Having a mobile-friendly website isn’t just a vital part of creating a good user experience, it has the power to make or break your search engine ranking.
Search engines like Google, Bing, and Yahoo are paying more and more attention to mobile devices. In 2014, Google began tagging results that aren’t optimized for mobile devices in searches. If your site isn’t properly optimized for mobile users, searchers will be warned about it when they see you appear on the results page. Google unveiled another mobile-friendly update to its search engine in the spring of 2015. This update made having a mobile-friendly site design a stronger ranking factor for mobile searches.
Websites that weren’t properly optimized for mobile felt the impact of these changes-including sites as large as Reddit, NBC Sports, and Upworthy.
Did you notice a decline in traffic, too?
If so, your website design may not be appealing to mobile users.
Why You Need a Mobile Optimized Website- Right Now
This new ranking factor only impacts mobile search results, right? You’re still popping up in search results for desktop users… so what’s the big deal?
Don’t be too quick to dismiss the smartphone.
This means that if your website isn’t optimized for mobile browsers, you aren’t visible to commuters browsing the web on the morning train. You’re missing leads from people checking their phones during a commercial break. You’re losing people who use their phones to check Google for an answer to a question.
That’s a lot of lost leads.
A quick test can show you what your site looks like on a mobile device, and tell you whether or not your site is properly optimized.
How To Tell If Your Site Is Mobile-Friendly
It’s fairly simple to test whether or not your website is mobile-friendly. Just whip out your phone and open up your site.
- Can you read everything, or is the font too small?
- Does the layout translate well to a smaller screen, or do you have any graphics or adds overlapping your text?
- Can you click on any links or responsive elements easily, or are they too close together?
If you want to get more in-depth with your analysis, both Google and Bing have you covered. These quick tests will evaluate a page for mobile-friendliness, and show you an example of how the search engine sees that page on a mobile-device.
So what should you do if your mobile design is less than awesome?
The Design Pattern That Smartphones Love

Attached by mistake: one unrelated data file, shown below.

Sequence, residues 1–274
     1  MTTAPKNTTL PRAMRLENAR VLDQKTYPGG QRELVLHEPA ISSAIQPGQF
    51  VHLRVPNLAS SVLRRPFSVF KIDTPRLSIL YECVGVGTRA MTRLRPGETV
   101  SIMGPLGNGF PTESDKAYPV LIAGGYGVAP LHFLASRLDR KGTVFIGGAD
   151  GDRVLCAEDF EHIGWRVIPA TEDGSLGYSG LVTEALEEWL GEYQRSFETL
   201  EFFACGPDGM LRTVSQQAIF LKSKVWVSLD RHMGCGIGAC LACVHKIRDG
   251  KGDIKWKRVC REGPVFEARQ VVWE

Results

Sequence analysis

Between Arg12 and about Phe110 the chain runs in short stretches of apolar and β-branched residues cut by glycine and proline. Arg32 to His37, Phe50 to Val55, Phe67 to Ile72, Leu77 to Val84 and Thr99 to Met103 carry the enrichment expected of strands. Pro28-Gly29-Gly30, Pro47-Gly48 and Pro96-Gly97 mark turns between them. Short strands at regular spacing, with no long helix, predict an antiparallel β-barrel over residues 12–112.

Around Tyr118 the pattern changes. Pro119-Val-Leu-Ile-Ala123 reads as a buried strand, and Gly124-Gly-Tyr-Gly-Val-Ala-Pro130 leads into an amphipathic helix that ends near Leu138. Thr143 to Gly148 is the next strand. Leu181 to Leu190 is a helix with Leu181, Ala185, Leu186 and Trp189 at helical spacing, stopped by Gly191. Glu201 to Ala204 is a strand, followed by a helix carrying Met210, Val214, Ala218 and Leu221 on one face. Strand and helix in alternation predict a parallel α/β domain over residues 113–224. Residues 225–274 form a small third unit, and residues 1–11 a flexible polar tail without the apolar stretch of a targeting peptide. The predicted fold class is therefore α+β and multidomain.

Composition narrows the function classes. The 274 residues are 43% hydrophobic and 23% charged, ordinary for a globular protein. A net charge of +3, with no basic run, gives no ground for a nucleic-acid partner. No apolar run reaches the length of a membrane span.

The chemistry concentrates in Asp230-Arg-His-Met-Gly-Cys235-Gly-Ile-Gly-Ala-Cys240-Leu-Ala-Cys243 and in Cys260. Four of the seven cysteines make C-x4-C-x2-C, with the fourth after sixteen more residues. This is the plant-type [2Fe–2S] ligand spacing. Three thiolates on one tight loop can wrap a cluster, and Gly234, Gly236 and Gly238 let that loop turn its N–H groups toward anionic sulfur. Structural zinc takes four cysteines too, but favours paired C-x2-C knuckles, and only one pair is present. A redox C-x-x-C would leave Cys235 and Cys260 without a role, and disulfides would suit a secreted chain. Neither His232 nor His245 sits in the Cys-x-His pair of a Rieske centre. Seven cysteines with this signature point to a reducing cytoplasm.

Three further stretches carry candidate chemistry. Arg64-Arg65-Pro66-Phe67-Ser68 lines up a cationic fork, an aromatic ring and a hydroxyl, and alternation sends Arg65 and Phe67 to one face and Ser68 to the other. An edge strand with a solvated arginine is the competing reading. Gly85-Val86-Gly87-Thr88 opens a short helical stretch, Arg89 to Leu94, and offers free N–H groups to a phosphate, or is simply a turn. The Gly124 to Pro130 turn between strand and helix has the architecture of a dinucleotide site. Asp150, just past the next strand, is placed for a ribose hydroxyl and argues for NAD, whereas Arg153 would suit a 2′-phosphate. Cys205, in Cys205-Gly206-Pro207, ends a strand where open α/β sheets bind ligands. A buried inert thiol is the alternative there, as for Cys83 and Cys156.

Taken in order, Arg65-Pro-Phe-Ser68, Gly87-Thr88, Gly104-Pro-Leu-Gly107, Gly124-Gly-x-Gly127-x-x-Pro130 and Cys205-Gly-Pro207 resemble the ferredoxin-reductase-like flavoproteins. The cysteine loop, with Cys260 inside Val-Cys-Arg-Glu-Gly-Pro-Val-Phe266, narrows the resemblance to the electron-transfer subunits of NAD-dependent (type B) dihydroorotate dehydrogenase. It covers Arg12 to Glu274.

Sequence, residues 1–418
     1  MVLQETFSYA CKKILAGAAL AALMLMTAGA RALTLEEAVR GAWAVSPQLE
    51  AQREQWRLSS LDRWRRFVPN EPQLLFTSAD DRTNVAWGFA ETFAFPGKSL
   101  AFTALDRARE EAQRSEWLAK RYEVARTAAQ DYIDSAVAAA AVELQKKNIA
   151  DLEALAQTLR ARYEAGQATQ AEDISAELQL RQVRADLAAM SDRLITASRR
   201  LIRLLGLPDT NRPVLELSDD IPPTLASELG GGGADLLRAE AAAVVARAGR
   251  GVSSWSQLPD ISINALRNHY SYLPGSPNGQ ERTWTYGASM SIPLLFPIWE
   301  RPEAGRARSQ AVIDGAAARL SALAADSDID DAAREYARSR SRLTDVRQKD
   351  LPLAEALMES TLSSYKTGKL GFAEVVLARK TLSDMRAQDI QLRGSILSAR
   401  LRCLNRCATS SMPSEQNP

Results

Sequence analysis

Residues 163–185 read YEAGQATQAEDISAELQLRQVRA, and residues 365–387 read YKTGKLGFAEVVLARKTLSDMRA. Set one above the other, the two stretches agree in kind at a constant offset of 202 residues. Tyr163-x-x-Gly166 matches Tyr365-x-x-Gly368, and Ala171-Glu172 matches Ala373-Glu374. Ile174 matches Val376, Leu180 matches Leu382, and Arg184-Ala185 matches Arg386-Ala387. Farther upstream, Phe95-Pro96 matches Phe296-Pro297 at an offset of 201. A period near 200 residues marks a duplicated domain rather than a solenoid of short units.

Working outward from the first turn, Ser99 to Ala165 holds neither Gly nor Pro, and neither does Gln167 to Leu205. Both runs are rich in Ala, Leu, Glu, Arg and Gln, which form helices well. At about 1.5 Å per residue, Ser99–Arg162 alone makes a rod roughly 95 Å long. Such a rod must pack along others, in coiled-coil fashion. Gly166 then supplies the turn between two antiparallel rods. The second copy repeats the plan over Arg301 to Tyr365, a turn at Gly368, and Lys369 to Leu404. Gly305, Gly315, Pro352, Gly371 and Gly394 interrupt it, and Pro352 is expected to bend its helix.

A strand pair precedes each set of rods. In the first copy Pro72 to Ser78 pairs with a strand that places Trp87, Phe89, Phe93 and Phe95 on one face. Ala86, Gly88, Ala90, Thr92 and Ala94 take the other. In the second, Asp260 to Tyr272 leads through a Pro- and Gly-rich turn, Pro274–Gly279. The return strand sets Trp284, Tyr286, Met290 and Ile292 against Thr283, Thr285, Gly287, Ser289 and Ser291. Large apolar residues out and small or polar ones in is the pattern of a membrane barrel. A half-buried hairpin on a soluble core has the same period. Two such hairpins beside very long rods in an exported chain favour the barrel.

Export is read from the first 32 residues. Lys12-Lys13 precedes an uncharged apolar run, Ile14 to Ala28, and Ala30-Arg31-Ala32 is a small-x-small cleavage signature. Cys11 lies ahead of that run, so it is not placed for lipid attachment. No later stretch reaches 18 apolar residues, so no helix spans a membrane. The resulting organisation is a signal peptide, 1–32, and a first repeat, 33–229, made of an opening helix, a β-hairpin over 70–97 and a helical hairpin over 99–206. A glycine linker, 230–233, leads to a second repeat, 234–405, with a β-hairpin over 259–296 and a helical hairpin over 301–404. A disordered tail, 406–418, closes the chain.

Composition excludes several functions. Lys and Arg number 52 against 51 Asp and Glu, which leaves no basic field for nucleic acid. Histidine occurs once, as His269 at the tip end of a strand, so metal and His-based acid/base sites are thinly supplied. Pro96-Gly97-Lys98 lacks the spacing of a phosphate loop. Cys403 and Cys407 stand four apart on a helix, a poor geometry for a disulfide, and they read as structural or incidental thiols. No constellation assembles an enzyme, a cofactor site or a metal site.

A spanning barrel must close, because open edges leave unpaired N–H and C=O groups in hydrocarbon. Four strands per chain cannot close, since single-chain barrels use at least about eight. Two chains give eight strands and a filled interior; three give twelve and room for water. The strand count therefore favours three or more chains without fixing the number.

There are three common ways to make your website mobile-friendly, one of which has proven to be much more effective than the others:
- Using separate URLs: This technique creates separate URLs for your site’s mobile users. (Often done by adding an “m” for mobile to the URL, as in: m.yourwebsite.com.) This forces you to create a duplicate version of your site, and can cause link-building issues. You have to make sure all of your redirects point to the right pages. Plus, you may lose traffic if you get an inbound link that takes readers to your desktop site, not your mobile site, or vice versa.
- Dynamic serving: This method works by sensing the type of device your readers are using (called user-agents) and then presenting them with different HTML if they’re on a mobile device. This can lead to issues if there’s a mistake in how your site detects user-agents. An error can lead to desktop users seeing your mobile site, or mobile users seeing your desktop site.
- Responsive design: A responsive site uses the same URLs and the same HTML across all devices. It works by using CSS to alter the site’s pages for mobile devices, making sure your content fits on every screen.
Creating a responsive website is a simple way to create a website design that’s consistent and mobile-friendly.
If that didn’t convince you, then this might: search engines love responsive websites. But don’t take our word for it. A responsive design is Google’s recommended design pattern.
Common Mistakes To Avoid
In addition to using a responsive website design, there are a few other steps you can take to improve user experience on the mobile version of your website.
Make sure you avoid these common design mistakes.
- Avoid unplayable videos and other inaccessible content. For example, certain mobile devices don’t support flash content. Avoid bogging your website down with elements that are unavailable to mobile users- this creates a much more frustrating user experience.
- Pay attention to font size. If your font is too small or too busy it will be hard to read on a small phone screen.
- Don’t position links too close together. When you’re setting up links and other interactive elements of your site, keep in mind that mobile users will need to be able to use their touch screens to select them. If they’re too close, readers won’t be able to use your links properly.
- Avoid pop-ups and promotions that interfere with user experience. Some sites use pop-ups or promotions designed to show up on screen when the user opens a certain page. Keep in mind that what might be a small ad on a desktop screen can occupy the entire screen on a smartphone, and prevent users from accessing your site.
- Pay attention to mobile site speed. Having a slow mobile site can be one of the biggest reasons your website doesn’t attract traffic. Smartphone users pay good money for their data plans- they won’t waste that data waiting around for your site to load.
A bad user experience will drive users back to the search results. With over half of all digital media consumption happening on mobile devices, it’s critical to pay just as much attention to optimizing your website for mobile users as you do for desktop users.
Today, when people have a question they pull out their smartphone to search for the answers. By making sure your website shows up in their search results, you’re giving yourself the chance to prove that the content, product or service you offer is just the answer they’re looking for.